Then came the crisis. A rouge planet spun into the vast boundary of the star’s heliosphere. Frozen nearly to its core, the orphan planet nevertheless radiated intense waves and exotic particles of such exquisiteness that Leonard’s imagination immediately fired a series of coronal mass ejections in its equivalent of delighted laughter. It settled into the half-meditative state where it composed drafts of poems.
But something new occurred. Which in itself was cause for immediate, total attention, as new things very rarely happen to stellar bodies…and when something new does occur, it’s seldom for the best. This anomaly was deeply troubling, and sent ripples of agitation billowing across the many thousands of kilometers which comprised the star’s seething photosphere. The fluid, frictionless organic mechanism that had for so long allowed it to weave word-symbols now stuttered and shook. It heaved, then boomed nauseatingly, as if behemoth gears had skewed off of their capstans and now broke teeth, grinding stumps as the ancient apparatus of art came to a lurching halt. This was quickly followed by an entirely new emotion that took a while to sort out; a suffocating feeling which it was astonished to identify as sheer, utter panic. This was expressed in the form of rising storms of arcing loops of magnetic plasma, each many thousands of kilometers high, across the breadth of the star. While below the storm, tendrils of real fear stole over Leonard as it felt the disturbance dig its way deep into the star’s chromosphere. These were emotions that it had never known, not once in its multitudinous millennia of life. Yet, Leonard was not some newly ignited star wobbling in its first orbit. It had been tempered in a legendary conflagration of creation and survived. Struggling fiercely for emotional balance, and control of its rapidly rising rate of hydrogen fusion, a single thought crystalized, Leonard had writer’s block.
Invariably, writers of every stripe can tell horror stories about that dreadful limbo ominously labeled as ‘Writer’s Block’. A more apt name would be Word Purgatory. In its most extreme forms it has driven authors insane, has even spurred some to suicide. In other cases it rams a chisel of havoc into a writer’s life, cleaving from our minds the thumbs of our art. Scattering these precious tools like so much useless, splintered bone and tissue. It erodes the intricate clockwork of creativity, oxidizing meticulous synapse-transistors that take decades of dedication and toil to connect. Writer’s Block is the mental equivalent of having a sociopath break into your house one night with a five-pound sledgehammer who yanks you out of bed and nails your feet to the floor with railroad spikes.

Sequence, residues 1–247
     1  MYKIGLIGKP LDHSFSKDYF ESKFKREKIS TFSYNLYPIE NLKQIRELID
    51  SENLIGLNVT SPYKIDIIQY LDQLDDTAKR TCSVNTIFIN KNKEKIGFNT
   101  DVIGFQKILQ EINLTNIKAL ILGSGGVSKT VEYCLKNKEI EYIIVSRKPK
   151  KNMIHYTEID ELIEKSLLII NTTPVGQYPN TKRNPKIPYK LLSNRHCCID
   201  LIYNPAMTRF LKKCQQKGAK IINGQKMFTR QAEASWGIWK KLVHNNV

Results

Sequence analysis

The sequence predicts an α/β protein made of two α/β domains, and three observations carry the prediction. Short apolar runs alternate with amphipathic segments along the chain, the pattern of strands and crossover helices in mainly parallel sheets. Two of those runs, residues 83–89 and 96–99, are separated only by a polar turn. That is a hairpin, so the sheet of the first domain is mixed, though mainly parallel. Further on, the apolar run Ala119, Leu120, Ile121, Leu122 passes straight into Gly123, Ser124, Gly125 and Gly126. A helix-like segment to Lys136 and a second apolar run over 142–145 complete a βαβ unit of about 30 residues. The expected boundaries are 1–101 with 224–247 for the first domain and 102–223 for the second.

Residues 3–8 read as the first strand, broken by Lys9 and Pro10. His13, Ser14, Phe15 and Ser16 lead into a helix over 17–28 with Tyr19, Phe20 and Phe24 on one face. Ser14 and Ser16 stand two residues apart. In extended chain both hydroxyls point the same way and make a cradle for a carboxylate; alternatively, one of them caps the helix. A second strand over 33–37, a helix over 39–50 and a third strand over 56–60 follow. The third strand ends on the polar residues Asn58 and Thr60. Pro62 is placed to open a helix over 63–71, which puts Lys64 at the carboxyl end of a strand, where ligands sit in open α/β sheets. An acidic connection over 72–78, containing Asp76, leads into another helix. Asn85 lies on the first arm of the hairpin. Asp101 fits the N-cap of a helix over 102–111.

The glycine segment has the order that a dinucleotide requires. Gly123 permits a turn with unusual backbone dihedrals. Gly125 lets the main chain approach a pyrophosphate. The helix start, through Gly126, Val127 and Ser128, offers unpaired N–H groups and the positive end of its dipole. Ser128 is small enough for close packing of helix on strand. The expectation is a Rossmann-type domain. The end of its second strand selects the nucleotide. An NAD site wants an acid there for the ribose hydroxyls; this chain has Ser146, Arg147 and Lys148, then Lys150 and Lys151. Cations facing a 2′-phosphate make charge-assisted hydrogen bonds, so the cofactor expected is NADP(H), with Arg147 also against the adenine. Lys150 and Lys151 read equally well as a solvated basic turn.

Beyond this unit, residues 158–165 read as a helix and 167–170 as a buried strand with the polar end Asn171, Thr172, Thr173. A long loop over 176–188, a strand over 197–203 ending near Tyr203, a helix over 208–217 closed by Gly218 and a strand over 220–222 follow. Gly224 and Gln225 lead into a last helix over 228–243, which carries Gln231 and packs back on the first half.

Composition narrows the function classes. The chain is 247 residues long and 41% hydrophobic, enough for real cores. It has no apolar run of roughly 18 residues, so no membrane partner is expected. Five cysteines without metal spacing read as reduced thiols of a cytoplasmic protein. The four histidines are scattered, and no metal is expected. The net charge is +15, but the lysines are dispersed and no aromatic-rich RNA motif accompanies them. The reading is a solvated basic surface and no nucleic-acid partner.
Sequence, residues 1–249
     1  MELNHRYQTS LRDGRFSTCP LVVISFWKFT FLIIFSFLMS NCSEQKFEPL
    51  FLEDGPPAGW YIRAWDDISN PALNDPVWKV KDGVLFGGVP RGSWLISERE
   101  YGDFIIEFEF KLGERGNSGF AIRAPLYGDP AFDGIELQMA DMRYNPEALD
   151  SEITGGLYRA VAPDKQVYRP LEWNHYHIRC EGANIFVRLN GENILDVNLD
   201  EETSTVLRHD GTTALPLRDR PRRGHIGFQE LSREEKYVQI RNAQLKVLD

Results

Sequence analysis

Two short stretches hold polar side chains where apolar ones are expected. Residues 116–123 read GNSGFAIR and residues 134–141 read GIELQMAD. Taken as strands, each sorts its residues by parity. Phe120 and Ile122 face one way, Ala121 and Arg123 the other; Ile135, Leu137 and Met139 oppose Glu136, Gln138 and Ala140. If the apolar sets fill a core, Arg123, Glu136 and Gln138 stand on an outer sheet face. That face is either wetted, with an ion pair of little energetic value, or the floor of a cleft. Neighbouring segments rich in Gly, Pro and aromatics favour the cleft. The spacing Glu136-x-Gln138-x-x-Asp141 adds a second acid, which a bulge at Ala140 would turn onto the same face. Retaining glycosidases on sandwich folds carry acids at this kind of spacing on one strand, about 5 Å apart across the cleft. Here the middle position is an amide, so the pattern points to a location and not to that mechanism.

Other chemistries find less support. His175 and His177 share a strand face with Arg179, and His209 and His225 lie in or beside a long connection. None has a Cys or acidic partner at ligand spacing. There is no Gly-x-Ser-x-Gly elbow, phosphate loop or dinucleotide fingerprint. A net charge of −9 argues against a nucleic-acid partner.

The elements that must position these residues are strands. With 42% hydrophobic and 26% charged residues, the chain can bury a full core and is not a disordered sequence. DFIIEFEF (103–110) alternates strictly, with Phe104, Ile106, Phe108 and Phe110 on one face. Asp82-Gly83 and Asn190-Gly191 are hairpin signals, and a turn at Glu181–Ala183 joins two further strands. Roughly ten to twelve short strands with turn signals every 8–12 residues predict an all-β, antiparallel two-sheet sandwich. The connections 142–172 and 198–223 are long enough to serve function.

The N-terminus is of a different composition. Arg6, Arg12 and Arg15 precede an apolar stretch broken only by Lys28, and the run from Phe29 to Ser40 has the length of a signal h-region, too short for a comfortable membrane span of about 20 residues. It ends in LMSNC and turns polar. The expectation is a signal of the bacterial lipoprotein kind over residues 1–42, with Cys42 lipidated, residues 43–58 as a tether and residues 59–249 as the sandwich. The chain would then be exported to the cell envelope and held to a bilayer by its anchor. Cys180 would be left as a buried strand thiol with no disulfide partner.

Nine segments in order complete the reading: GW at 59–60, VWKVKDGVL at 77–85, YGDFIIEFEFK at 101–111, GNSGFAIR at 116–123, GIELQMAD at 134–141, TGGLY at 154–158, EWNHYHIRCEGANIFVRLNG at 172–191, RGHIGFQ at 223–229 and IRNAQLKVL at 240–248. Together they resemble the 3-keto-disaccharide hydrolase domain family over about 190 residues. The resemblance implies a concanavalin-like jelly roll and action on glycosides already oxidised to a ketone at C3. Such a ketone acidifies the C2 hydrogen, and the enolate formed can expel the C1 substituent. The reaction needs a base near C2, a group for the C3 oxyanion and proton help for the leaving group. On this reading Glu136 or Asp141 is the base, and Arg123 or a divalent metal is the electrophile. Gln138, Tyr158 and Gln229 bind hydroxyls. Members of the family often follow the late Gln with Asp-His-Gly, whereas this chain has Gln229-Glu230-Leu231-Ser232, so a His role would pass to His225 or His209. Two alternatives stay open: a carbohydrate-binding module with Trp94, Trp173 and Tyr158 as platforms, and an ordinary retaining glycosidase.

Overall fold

II. The Electron Mutiny— Every Celestial Being dreams. Dreaming is, after all, the Realm of Artists. Although all creatures inhabit the dreaming as a vital part of that state we call being alive, be it a human, a dolphin or a quasar. Regardless of discipline or medium, Dreaming is a second home to any artist. Since the crisis, Leonard invariably dreamt of Words—vivid dreams of the euphoria so similar to fusion, when each word fits effortlessly among the rest; often feeling as if a deity guided it in creation. Yet each time upon waking the ghastly numbness remained. Dreaming became a torture.
Orbit by orbit, forty-seven million years and some change ticked by. Existence becoming more unbearable with each torturous circumgyration, Leonard had gradually spun into an alarmingly erratic trajectory. Concurrently, the star had methodically, and occasionally frantically, fought to reassemble its atomic essence into a semblance of stability; although the thermonuclear reactor which was its secret core had been savaged by the experience. The grueling process of pulling its shit together had metaphorically ripped its fingernails to ragged stumps. But the star at last achieved a measure of its natural harmony once again. Not without serious damage however, for it recognized signs that it was in deep shock.
Leonard found it could not stop unceasingly seeking the familiar flow of word-symbols it had for millennia spun like arcane spells. Though it was utter futility. Exhaustion and a profound loneliness had stolen over Leonard in that millennia, so insidiously that eventually the disease of Depression felt normal, as if life had always been this way.